Is Screening for Mental Illness in Children a Bad Idea?

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Psychology Salon psychologist Randy Paterson discusses the Mad In America investigative report about a program that trains physicians and school staff to more readily diagnose mental illnesses in children. “Authors of the initiatives almost always talk about the enhancement of social supports, the provision of psychotherapy, involvement with community, and so on,” writes Paterson. “But in the real world of medical practice, screening usually translates into prescriptions written.”

Screening for Childhood Mental Illness in BC: Good Idea or Pharma Marketing? (Psychology Salon, December 23, 2014)

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3 COMMENTS

  1. I agree with the prescription comment. That and counseling, both of which never seemed to do much for my young son but I believe that it was all too little too late. No one wanted to see his issues soon enough. Particularly the school that would have had to pay for any special programs he would have had to have although eventually those in patient programs were all that saved him. Or us as a family. Barely. My marriage didn’t survive. He looks back on it all now as something he wished he’d had more time involved with instead of fighting it every step of the way. Nobody counts the cost to the families either. The hours of travel and group therapy necessary to suss out the issues so they can be addressed. The calls when things go wrong and you have to be there. The cost for the meds and the doctors. The isolation. Too little, too late and not enough help. Not enough recognition of the problems that families alone cannot surmount. The judgement of families with problems regardless of whether those problems were of their own making or not by the very people that should have been there to help support their efforts to succeed. The realization that no matter which step you take, your kid will always be different and held to a standard he cannot sustain. I count myself lucky still. At least mine survives. Many of the kids he in patient was with didn’t. By the time he was twenty, he had been to more funerals than I had been to in my whole life. So I count my blessings but I can’t help believing that things would have been different for him had he been given a chance earlier to have the help he needed instead of those comments you heard to excuse and discount what you already knew. You know the ones. Boys will be boys. You’re not doing enough as a parent. Maybe it’s because you were a single parent. Maybe its because he has a step father now. Perhaps you need to discipline him more…or less. We’re not seeing anything wrong so it must be you. Those things that make you doubt yourself and keep you from demanding more from them until it’s too late and much of the problems are ingrained. Why is my son the way he is? I don’t really know. Nothing stands out in his early life, in his upbringing or in my parenting skills. We’re a loving caring family and he’s amazing in spite of his issues. So I count myself lucky but I know that real help isn’t there.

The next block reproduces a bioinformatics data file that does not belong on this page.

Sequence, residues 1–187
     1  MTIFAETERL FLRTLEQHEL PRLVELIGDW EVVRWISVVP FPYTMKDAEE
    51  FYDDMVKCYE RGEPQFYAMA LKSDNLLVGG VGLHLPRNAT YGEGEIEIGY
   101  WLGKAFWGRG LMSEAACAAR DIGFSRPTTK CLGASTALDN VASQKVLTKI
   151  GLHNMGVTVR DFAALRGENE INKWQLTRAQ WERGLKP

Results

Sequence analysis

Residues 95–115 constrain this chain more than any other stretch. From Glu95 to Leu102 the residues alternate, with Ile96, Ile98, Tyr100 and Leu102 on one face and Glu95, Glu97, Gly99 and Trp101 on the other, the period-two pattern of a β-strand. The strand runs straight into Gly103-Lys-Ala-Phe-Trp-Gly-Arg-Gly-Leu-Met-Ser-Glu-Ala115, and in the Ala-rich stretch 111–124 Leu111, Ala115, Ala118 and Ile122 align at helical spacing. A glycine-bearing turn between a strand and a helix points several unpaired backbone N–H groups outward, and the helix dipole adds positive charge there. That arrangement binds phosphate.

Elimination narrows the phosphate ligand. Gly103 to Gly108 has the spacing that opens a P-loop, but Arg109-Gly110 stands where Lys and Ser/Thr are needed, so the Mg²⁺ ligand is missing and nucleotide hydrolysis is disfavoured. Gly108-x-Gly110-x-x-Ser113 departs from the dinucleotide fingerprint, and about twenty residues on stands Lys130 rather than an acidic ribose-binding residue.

2. I ran into sort-of the opposite experience. The school social workers misunderstood / missed my child’s real issue when when my son was very young (he had been sexual abused), they just put him in a remedial reading class. He had largely recovered by the time he was in eighth grade, and had gotten 100% on his state standardized tests. This is when I got a call from the school social worker claiming I was keeping my child up night studying and pushing him too hard. I told her I was a mean mom who had my child in bed by 9, and that he was constantly playing World of Warcraft because he never had any homework. I guess my point is that school social workers seem quite incapable of assessing children’s actual problems, and assets.

    I will also mention that I have been to cocktail parties where social workers and special Ed teachers stand around discussing which children need which diagnosis and med. But since there are medical privacy laws it strikes me more training for the school staff just results in children being defamed by gossipy women, who are thrilled it’s their right to “diagnose” children with “mental illnesses,” at cocktail parties. I think diagnosing people with real diseases should be kept confidential and done by doctors, and I do not believe anyone should be diagnosing children with scientifically invalid disorders. And, absolutely putting children on psychotropic drugs is immoral.